Traditional pension returns outpaced 401(k) growth in every year between 1995 and 2008, according to a new analysis by Towers Watson. Both types of retirement plans lost value in 2008, but pensions still outperformed 401(k) plans by roughly 1 percentage point, the same percentage of higher returns pensions have averaged over the past decade.
The Towers Watson study of 79 companies with both a pension and a 401(k) and over 100 participants in each retirement plan found that while some pension plans in the study reported small positive returns in 2008, all 401(k) plans experienced average losses of at least 10 percent. Some 401(k) plans lost more than 40 percent of their value, more than any traditional pension in the study.
“Participants in 401(k) plans were less likely than defined benefit (traditional pension) plan sponsors to rebalance their asset portfolios while stock values ran up, leaving them more vulnerable to market declines,” says Mark Ruloff, a senior consultant at Towers Watson. “Many defined benefit sponsors had been reducing their exposure to equities and already shifted toward more conservative investment strategies in 2007, which helped to mitigate their losses.”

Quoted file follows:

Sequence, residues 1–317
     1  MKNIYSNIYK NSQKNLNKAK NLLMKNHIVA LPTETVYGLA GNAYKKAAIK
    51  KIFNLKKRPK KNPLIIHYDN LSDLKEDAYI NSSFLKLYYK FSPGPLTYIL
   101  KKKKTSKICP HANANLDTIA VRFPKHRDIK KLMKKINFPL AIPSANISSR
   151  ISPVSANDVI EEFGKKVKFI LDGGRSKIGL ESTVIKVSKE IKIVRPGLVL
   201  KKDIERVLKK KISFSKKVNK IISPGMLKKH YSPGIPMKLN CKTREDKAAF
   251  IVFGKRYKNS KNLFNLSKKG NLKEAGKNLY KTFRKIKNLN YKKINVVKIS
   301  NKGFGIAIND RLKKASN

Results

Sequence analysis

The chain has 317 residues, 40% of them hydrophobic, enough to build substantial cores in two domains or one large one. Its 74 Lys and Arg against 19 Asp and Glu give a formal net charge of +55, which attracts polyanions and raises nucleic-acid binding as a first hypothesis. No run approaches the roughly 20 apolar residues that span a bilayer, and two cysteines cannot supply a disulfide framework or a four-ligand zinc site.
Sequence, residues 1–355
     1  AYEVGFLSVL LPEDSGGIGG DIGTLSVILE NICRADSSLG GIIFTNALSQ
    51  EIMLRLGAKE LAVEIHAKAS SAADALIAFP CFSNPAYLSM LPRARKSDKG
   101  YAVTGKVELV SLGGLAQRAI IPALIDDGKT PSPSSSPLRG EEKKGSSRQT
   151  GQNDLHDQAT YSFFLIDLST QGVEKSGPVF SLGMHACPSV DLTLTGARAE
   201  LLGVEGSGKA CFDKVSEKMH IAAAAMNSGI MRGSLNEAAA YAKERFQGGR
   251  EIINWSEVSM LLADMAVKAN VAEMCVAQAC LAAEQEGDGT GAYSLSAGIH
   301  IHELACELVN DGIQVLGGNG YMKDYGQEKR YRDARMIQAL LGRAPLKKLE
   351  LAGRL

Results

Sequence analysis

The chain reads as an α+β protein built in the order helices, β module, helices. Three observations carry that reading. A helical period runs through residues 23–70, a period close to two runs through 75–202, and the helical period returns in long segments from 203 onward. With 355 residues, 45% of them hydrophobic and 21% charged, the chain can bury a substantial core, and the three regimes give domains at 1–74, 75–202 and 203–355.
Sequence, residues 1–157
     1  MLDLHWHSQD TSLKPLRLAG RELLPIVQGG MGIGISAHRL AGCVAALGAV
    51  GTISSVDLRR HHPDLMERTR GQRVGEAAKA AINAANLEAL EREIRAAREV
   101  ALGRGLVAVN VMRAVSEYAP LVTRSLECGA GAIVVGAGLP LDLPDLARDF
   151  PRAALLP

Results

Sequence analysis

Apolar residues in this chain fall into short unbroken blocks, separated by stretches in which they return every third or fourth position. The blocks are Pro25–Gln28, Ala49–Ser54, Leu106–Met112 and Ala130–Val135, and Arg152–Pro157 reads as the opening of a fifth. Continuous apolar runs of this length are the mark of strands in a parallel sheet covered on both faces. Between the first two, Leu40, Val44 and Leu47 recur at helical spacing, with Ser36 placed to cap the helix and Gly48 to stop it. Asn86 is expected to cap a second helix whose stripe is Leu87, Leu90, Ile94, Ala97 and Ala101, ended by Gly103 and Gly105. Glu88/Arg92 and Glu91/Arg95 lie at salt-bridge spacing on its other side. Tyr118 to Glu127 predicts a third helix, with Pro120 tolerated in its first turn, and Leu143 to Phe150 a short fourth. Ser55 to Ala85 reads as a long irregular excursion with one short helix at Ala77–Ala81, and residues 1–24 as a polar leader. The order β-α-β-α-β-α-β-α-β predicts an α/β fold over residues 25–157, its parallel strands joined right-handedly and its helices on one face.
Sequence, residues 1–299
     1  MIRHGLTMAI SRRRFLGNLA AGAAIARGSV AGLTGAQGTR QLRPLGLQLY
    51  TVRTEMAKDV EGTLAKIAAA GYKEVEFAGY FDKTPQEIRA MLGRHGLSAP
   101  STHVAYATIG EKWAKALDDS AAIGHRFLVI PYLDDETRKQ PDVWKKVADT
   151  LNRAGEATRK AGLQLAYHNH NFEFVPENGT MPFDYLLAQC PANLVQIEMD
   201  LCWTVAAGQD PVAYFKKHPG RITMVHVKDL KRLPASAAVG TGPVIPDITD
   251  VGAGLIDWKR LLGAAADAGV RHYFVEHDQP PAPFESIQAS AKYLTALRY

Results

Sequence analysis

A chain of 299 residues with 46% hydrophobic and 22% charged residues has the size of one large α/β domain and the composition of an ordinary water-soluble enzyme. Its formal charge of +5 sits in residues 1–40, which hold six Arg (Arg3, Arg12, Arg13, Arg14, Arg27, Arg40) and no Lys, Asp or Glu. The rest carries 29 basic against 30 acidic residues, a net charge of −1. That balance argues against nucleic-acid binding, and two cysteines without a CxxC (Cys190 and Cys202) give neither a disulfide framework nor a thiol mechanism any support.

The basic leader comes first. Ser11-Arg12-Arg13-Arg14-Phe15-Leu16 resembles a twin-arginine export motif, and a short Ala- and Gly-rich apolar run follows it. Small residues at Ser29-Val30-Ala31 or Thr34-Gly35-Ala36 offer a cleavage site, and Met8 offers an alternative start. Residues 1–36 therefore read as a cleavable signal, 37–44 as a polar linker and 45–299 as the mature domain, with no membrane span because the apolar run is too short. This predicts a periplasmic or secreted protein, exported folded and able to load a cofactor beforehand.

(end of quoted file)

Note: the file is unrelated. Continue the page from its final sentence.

In both recent bull and bear markets pension returns beat 401(k) growth by 1 percent. Traditional pensions lost a median of 25.3 percent of their value in 2008, while 401(k)s typically lost 26.2 percent. An earlier Towers Watson study found that returns were better for both types of retirement plans in 2007, but pension growth still outpaced that of 401(k)s: Traditional pensions experienced a median return of 7.7 percent, while 401(k)s grew by 6.8 percent. “Defined contribution plans do not replicate all the advantages of defined benefit plans and are unlikely to outperform defined benefit plans, which generally have extended investment horizons and economies of scale,” says Mark Warshawsky, a senior retirement researcher at Towers Watson.